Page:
Leo High School president Dan McGrath accused defending Illinois Class 4A boys basketball state champions Simeon Career Academy of recruiting two of its student-athletes.
Their parents and Simeon coach Robert Smith denied the allegation.
Seniors Russell Woods and Sean Moore Jr. attended Leo and played for its varsity basketball team for three years. The two students’ parents recently requested their transcripts from Leo, a private school, and enrolled them into Simeon, a public school. The two schools are both on Chicago’s South Side and are about a mile apart.
Woods, a 6-foot-8 forward, is considered one of the state’s top players and a high-major recruit. Moore Jr., a 6-2 guard, also has received Division I interest.
“I definitely feel they were recruited,” said McGrath, who was formerly the Chicago Tribune’s sports editor and is a graduate of Leo. “They’ve been with us three years. Russell is a three-year starter. Sean is a two-year starter. I don’t think they just pick up on their own and go to Simeon. I know the AAU culture exposes them to other schools and other coaches and other situations. We have three years invested in these young men, and they have three years invested in us. I don’t think they on the spur of the moment just pick up and decide to go elsewhere.
“It does bother me. I think they’re making the move for the wrong reasons. (Former Marquette coach) Al McGuire always used to say, ‘Don’t let basketball use you.’ These are two young men I feel are being used by basketball.”
Smith, who has won five state championships in eight years at Simeon, denied recruiting Woods and Moore Jr. Smith is also Simeon’s dean of students.
“We didn’t recruit anybody,” Smith said. “That’s their opinion.”
The Illinois High School Association does not allow student-athletes to be recruited. IHSA executive director Marty Hickman said Thursday Leo must not sign the Principals’ Concurrence form if it has any issues with the students transferring.
“I think I told (Leo athletic director) Ed Adams if that’s how they felt they shouldn’t sign the concurrence form with the transfer,” Hickman said. “In our system, that’s how brakes get put on transfers.”
Smith said Simeon has yet to send Leo a concurrence form.
Because the two students are transferring to a high school in the Chicago Public Schools’ system, CPS sports administration director Calvin Davis would have to rule on the student-athletes’ eligibility. The IHSA decides on all other cases outside of the Chicago Public Schools. A voicemail message left for Davis was not returned on Thursday.
McGrath said he did not receive reasons from the students or their parents for them transferring.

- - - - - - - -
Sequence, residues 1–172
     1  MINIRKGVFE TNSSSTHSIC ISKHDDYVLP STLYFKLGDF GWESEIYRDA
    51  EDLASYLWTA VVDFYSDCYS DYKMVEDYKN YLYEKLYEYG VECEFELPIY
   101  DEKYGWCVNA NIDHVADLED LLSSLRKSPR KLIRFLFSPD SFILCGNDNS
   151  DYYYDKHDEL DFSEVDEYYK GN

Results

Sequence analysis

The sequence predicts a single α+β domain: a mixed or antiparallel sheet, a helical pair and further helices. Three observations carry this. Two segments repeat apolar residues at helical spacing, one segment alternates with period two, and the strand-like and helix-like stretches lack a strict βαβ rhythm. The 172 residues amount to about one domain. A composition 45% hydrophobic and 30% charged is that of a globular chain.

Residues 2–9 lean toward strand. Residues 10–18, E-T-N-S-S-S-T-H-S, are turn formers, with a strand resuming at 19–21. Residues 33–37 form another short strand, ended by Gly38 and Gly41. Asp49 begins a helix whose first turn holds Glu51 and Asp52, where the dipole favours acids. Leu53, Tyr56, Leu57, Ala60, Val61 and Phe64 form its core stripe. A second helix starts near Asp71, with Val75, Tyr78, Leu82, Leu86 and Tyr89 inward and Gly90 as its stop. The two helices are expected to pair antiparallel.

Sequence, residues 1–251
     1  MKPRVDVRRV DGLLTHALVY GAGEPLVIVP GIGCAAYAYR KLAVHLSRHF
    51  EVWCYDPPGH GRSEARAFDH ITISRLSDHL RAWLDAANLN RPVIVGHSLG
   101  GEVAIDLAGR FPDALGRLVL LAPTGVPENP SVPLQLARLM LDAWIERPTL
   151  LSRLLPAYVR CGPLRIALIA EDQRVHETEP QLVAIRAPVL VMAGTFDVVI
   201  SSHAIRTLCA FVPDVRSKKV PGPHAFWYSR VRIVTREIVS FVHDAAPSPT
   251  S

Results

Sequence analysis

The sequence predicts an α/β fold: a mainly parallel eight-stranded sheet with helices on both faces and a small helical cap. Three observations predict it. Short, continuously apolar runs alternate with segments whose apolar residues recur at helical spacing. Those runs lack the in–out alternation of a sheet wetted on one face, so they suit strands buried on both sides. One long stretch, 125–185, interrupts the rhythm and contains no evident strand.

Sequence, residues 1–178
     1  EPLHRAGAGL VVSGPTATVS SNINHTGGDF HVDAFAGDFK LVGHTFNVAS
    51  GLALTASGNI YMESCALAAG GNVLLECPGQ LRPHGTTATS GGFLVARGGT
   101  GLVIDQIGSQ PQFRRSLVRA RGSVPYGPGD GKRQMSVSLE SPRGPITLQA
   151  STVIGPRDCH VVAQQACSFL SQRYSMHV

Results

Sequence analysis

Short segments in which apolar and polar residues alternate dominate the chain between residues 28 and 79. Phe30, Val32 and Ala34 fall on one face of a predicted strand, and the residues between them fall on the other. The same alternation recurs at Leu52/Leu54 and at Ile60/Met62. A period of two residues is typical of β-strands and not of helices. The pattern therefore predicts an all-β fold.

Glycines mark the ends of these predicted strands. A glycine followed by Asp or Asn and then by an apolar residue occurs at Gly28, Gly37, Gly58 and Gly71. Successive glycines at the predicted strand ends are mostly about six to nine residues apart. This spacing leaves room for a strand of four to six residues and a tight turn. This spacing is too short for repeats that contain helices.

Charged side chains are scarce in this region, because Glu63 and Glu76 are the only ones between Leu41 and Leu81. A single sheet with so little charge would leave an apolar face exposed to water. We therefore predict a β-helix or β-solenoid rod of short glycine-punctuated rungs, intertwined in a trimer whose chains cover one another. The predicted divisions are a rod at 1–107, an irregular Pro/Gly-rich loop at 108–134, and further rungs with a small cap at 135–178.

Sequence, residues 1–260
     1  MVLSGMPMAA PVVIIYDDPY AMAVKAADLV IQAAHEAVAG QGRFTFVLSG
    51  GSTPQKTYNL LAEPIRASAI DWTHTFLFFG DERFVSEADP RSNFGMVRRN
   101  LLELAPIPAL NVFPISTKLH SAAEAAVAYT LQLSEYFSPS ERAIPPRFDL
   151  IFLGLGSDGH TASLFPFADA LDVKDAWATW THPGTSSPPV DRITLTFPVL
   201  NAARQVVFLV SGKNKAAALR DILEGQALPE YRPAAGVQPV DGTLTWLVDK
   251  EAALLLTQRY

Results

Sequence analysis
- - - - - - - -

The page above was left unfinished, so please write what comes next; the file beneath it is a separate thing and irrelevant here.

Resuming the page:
“I don’t know what the problem is,” McGrath said. “I imagine the fact we’re a Catholic school or private school, we have to charge tuition, maybe going somewhere free is a lure, but I think it’s more than that.”
Moore Jr.’s father, Sean Moore Sr., said his son and Woods were not recruited by Simeon. Moore Sr. said their decision to transfer was a financial one.
“There was no recruitment,” Moore Sr. said. “(Leo) hit us up with a $7,100 bill. The first two years Sean had no bills. The first two years we paid the minimum and had some sort of assistance. At the end of (his junior) year, we were hit with a bill.”
McGrath said Moore Jr. still had an outstanding bill, but did not believe it was for $7,100.
“He got financial aid,” McGrath said of Moore Jr. “Ninety percent of our kids get financial aid. It is need-based, not for basketball. In the years I’ve been here, we’ve never demanded $7,100. If Mr. Moore did owe us $7,100, we would sit down and create a payment plan. We still treat everyone on an individual basis.”
Woods’ mother, Vivian Winters, also said she was recently given a bill for $5,000 from Leo and hadn’t had to pay anything the first two years because she receives public aid.
Moore Sr. said he researched the area’s public schools and chose Simeon because of its proximity to Moore Jr.’s grandmother, who Moore Jr. now lives with in Chicago, and its competitive basketball team. Moore Jr. previously lived with his father in Indiana when he attended Leo.
“I wanted to make sure he goes to a school that competes,” Moore Sr. said. “He’s trying to go to college. We’re not talking about a player who doesn’t play. He’s a three-year varsity player. We want him to go to a competitive school and get exposure. Simeon fits that category.”
Winters explained part of her reason for having Woods transfer was she thought Leo hadn’t given her son the proper academic support, and Simeon would provide it.
“Basically, Leo wasn’t helping him,” Winters said. “How can they let him get the grades he was getting just because he’s on the basketball team? He wasn’t getting the education he needed.
“I don’t think (Simeon’s) all about basketball. They want to help kids with their education.”
McGrath had a different opinion.
“He had tutors; he had counselors,” McGrath said of Woods. “He wasn’t at Leo just to play basketball. He was at Leo to graduate, get an education and prepare himself for the next step.”
Winters also said Moore Sr. has been a father figure to Woods, and Moore Sr.’s advice was valuable in the decision to transfer to Simeon.
Simeon has won three consecutive state titles and will be favored to win again next season as it returns Jabari Parker, the nation’s No. 1 senior, and Kendrick Nunn, who is also ranked in the top 100 in the country.